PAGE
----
Residents want to stop Elbow River bridge on Southwest Ring Road

Concerned residents in southwest Calgary want the provincial government to change the design of a new bridge over the Elbow River. Construction on the Southwest Ring Road project is underway. About two dozen residents have filed letters of appeal with the province's Environmental Appeals Board about the design.

Letters sent to Environmental Appeals Board to change the design

A map showing the realignment of streets and the Elbow River as part of the Southwest Ring Road project. (Alberta Transportation)

Concerned residents in southwest Calgary want the provincial government to change the design of a new bridge over the Elbow River.

Construction on the Southwest Ring Road project is underway. The $1.42 billion project will link Highway 8 with Highway 22X.

About two dozen residents have filed letters with the province's Environmental Appeals Board about the design.

The freeway will cross the Elbow River valley on an earth berm. There will be a 150-metre wide opening in the berm for the river to flow through into the Glenmore Reservoir just to the east.

Lakeview resident Allie Tulick is concerned what will happen to the berm when the Elbow floods.

"It really isn't good engineering practices to berm or dam a river into a small opening," said Tulick.

"If we have a significant flood event, there's a good chance that that berm will fail or top over and leak and that's going to, of course, ruin the Weaselhead, put wildlife at risk, flood homes upstream."

Lakeview resident Allie Tulick is concerned what will happen to the berm when the Elbow floods. (Scott Dippel/CBC)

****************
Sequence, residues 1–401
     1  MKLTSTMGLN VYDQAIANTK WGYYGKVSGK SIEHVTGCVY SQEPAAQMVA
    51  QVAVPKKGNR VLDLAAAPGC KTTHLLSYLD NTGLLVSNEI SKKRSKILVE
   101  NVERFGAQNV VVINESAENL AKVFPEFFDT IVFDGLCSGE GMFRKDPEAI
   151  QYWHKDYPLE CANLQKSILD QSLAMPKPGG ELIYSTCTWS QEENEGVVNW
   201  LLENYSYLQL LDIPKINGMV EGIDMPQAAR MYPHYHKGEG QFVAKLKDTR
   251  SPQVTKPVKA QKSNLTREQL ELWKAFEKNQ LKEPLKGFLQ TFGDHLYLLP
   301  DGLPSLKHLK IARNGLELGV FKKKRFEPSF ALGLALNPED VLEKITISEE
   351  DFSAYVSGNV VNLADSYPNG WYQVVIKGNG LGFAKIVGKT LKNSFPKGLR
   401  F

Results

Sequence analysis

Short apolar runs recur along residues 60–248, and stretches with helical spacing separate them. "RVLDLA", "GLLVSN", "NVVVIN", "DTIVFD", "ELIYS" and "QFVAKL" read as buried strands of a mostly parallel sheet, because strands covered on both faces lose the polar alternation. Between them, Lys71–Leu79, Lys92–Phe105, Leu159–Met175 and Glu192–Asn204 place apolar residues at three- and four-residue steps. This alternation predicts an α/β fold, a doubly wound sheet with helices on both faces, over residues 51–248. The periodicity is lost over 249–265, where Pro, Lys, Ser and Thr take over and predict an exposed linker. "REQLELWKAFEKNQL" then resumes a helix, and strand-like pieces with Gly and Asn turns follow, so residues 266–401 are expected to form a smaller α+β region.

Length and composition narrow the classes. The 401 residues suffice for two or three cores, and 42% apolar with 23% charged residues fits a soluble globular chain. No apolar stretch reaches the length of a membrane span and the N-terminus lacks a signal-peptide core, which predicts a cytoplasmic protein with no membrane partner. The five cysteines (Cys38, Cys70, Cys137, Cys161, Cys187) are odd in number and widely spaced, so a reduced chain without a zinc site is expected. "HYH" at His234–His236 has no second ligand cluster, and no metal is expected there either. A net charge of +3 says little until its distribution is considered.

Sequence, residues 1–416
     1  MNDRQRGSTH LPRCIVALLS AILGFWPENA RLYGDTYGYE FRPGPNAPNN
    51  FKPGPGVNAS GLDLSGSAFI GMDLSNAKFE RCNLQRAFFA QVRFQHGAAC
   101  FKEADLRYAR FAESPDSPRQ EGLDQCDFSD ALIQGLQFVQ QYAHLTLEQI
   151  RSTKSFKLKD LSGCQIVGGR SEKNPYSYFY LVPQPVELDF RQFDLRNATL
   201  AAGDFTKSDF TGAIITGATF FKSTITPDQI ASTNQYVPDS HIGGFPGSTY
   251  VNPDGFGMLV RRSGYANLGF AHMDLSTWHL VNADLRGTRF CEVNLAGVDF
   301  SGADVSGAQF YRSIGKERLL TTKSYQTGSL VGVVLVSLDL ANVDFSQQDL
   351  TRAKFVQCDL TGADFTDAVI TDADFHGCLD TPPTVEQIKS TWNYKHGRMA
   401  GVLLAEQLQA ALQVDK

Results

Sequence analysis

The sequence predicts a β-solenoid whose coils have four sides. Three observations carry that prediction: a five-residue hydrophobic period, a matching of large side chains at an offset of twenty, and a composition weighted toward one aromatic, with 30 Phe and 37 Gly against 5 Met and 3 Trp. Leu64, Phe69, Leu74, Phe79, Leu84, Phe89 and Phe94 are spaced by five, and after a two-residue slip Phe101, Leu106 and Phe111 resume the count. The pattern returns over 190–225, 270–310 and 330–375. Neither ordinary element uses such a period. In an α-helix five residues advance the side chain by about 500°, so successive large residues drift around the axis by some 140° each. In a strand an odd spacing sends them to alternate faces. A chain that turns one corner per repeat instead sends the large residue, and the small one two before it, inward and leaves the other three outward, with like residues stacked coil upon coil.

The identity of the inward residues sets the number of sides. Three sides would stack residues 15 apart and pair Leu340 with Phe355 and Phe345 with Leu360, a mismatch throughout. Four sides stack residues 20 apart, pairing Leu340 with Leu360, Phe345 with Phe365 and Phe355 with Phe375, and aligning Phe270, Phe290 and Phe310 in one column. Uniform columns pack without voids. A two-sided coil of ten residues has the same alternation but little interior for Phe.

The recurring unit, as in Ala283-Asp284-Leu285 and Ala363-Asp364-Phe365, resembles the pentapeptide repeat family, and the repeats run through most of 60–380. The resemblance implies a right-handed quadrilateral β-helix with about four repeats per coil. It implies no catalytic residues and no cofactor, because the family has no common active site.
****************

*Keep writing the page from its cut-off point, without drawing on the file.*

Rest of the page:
Tulick is hoping the Environmental Appeals Board will halt construction so the design can be changed.

Open span bridge thought to be better option

Her preference is for an open span bridge which will allow water to pass under the freeway with few restrictions, just as it does through the area today.

Transportation Minister Brian Mason was asked during Question Period at the Legislature this week about the residents' concerns.

He said the government is confident the bridge design is sound and will pose no problems for the Glenmore Reservoir or the Glenmore Dam, even under flood levels, such as those seen in 2013.

"We've designed the bridge to have a 150-metre bridge span which provides additional hydraulic capacity and we've also designed the stormwater ponds so they can take more water in the event of a flood," said Mason.

As well, the province is planning to build the Springbank Off-stream Reservoir which Mason said will reduce floodwater levels before they reach the ring road and the Glenmore Reservoir.

Residents hope for quick resolution

Those answers don't minimize the concerns of residents.

Tulick said they hope the Environmental Appeals Board can deal with this issue quickly, before construction goes much further.

"They can recommend a new design and they can recommend what kind of design. That's my understanding of it," said Tulick. 

"We're happy to work with them on that.  I think that would be the best outcome, to just build a better bridge and get it right."

The province is on a tight timeframe to complete the Southwest Ring Road.

Under the terms of the agreement the province has with the Tsuut'ina Nation, the ring road must be completed by May 2022 or the land purchased by the province from the nation will revert back to the Tsuut'ina.

Currently, the province projects the freeway will be finished in the fall of 2021.